C. Establish where the guide falls on the Guide Perspective Scale

Next, give the guide a brief overview of the privacy perspective scale. The key point of the scale to communicate to guides is that this is an quick and easy way for participants to identify where guides fall in their view towards data sharing, access, and privacy. Green indicates a low concern for privacy, yellow signifies a moderate concern, and red represents a high concern for privacy. The scale was developed from a study regarding consumer attitudes towards privacy. Be sure to also have the privacy perspectives scale document open to refer back to the study.

Once you've explained the purpose behind the scale, ask the participant where they fall on the scale and make the selection on their behalf. After making this selection, be sure to click "Save" at the top right hand corner.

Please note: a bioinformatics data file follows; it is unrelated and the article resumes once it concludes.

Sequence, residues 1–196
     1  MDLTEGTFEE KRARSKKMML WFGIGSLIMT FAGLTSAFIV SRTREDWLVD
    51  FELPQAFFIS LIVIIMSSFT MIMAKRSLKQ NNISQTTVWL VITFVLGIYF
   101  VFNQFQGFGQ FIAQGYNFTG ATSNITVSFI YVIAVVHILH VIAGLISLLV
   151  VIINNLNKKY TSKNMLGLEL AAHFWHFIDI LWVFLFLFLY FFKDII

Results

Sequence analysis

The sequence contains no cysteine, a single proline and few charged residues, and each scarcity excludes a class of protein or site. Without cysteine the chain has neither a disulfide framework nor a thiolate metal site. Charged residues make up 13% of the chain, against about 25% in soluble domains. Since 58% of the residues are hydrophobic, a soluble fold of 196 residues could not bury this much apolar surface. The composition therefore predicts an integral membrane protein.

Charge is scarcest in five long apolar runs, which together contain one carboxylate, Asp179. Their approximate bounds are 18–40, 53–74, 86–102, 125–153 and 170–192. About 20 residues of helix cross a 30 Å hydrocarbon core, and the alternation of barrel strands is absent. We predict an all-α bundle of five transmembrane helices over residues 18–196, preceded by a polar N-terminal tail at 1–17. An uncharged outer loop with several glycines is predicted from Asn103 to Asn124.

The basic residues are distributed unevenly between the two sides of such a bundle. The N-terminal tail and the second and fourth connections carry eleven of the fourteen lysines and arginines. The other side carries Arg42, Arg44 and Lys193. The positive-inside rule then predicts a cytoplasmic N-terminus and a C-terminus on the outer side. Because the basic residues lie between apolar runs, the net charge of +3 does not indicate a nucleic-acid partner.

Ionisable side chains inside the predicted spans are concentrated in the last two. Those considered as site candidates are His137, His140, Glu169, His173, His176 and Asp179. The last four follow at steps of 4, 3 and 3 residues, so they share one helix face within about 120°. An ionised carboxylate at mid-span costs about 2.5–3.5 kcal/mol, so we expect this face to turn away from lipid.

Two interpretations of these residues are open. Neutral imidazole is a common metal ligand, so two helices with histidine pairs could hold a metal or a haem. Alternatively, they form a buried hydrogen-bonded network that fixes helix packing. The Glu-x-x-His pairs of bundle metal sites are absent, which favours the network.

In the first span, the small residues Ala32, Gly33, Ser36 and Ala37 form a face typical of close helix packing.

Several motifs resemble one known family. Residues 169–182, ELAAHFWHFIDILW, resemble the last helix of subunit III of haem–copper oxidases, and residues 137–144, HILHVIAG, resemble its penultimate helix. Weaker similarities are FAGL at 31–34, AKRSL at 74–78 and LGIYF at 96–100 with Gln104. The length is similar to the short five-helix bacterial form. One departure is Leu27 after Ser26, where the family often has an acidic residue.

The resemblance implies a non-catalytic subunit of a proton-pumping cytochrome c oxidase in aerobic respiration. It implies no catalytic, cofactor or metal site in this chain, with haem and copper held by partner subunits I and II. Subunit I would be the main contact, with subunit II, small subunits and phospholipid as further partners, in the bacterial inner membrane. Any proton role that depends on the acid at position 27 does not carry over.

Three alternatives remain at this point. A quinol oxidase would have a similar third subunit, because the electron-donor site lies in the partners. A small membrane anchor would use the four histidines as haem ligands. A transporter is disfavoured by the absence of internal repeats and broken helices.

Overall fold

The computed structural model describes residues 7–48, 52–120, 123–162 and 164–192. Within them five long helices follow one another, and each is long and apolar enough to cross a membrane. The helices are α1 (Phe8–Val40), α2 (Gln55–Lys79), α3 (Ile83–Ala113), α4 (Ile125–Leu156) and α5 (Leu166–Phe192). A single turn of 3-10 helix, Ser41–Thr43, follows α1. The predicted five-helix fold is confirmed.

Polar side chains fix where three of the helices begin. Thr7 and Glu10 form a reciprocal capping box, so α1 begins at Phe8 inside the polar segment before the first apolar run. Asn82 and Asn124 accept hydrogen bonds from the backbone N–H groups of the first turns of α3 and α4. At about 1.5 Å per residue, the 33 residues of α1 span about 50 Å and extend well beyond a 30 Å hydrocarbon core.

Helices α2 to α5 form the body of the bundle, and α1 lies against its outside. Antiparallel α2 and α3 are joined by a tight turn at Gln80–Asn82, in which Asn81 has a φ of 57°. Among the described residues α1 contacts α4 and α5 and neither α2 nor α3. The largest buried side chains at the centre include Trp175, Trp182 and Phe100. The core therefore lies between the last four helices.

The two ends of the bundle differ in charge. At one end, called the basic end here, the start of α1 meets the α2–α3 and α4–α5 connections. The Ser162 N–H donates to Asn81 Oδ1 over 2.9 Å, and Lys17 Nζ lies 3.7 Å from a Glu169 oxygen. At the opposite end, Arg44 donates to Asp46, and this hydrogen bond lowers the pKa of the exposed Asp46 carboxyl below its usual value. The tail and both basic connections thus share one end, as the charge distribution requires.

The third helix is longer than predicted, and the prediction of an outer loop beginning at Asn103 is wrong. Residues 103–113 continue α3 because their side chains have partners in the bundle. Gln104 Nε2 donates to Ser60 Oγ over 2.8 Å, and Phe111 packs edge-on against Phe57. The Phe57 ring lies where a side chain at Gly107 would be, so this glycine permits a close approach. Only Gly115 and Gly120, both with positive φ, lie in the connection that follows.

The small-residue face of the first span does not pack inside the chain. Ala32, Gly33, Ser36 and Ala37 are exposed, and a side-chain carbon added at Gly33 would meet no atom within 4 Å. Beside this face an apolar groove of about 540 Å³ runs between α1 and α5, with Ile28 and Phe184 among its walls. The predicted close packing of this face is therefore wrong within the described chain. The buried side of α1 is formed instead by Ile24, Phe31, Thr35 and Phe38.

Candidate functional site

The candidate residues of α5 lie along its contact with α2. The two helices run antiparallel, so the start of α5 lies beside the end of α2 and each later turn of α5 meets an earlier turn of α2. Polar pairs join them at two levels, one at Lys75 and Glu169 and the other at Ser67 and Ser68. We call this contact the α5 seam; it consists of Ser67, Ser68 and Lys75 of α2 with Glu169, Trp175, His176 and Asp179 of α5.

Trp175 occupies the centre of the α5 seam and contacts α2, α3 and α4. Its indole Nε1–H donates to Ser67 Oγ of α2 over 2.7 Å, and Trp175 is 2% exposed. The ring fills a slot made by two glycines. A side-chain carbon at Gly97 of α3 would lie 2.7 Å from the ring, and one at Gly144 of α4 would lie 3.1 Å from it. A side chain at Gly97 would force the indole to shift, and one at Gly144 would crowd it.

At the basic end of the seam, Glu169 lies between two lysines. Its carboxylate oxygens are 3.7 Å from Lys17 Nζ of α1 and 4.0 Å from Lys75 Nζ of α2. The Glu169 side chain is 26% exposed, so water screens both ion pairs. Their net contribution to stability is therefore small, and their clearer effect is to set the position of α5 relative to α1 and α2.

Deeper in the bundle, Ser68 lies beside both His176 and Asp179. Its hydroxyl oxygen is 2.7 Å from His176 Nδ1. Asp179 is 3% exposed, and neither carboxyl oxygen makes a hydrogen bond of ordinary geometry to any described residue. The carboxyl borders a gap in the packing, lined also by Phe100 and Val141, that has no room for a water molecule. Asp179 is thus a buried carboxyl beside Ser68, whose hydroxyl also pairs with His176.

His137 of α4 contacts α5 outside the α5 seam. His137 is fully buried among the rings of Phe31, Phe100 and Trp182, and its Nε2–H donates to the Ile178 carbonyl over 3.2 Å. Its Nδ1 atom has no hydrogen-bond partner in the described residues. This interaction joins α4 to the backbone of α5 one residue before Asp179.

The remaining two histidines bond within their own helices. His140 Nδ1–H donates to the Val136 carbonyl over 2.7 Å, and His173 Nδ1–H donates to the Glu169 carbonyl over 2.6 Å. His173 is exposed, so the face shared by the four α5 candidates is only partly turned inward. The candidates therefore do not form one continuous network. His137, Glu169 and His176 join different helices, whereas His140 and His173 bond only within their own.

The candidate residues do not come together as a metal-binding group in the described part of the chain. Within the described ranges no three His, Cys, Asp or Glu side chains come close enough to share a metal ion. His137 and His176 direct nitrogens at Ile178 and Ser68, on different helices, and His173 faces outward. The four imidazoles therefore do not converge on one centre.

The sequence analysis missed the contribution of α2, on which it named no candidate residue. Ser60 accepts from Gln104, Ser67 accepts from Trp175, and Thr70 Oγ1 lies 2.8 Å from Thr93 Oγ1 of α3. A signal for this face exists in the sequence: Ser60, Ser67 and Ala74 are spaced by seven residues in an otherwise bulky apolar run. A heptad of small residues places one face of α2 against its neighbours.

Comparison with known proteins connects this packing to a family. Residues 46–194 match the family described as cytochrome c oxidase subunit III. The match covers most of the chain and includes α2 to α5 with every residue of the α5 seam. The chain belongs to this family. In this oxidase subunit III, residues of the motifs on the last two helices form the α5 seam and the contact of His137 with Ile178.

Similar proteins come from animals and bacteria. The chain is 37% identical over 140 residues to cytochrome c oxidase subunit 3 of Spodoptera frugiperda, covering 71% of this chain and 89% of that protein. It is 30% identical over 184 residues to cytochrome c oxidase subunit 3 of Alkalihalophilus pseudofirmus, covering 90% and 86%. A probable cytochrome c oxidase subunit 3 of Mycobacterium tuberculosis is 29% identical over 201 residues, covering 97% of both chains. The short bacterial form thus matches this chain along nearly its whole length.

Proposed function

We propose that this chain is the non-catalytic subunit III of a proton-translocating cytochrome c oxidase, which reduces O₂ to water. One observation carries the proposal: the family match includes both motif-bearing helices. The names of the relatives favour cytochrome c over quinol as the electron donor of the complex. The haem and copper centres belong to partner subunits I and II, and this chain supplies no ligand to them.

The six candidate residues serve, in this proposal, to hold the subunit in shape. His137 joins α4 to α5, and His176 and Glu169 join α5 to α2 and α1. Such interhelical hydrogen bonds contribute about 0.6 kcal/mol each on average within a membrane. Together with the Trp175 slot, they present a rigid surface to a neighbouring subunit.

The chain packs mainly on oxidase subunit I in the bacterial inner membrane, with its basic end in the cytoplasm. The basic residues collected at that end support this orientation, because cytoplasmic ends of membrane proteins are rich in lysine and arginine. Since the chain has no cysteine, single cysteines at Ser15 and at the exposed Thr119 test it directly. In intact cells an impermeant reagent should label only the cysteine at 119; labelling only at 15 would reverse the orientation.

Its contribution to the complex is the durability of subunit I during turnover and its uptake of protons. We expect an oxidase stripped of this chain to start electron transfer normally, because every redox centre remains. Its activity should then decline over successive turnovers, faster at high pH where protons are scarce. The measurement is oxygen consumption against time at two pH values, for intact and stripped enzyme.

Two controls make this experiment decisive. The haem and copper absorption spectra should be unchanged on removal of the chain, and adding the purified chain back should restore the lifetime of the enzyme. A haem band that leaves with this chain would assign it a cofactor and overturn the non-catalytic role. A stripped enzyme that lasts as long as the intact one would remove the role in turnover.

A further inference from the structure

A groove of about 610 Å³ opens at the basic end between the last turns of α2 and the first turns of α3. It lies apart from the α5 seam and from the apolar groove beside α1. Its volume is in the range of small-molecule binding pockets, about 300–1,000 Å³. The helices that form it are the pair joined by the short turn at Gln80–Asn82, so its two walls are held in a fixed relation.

The privacy perspective scale can be accessed here.

D. Capture Personal Privacy Preference Settings (3 levels)

Next, click on the "Suggest Settings for Privacy Directives" tab. Start by explaining to participants the three ways participants can share their data, using the Understanding Data Sharing and Ownership page as a reference. Then give a general overview that the left hand column is a list of the entities seeking to use your data which includes your organization. Then explain the three options to have settings - Allow, Ask Me, or Deny. Lastly, say that you will now be going through each entity listed and recording the guide's recommended settings for each.

Guides commonly ask if they should be making recommendations based on what they would do or based on what they would recommend to other participants. Our view is that it is up to the guide to find a balance between the two, and make recommended settings based on their perspectives/experiences.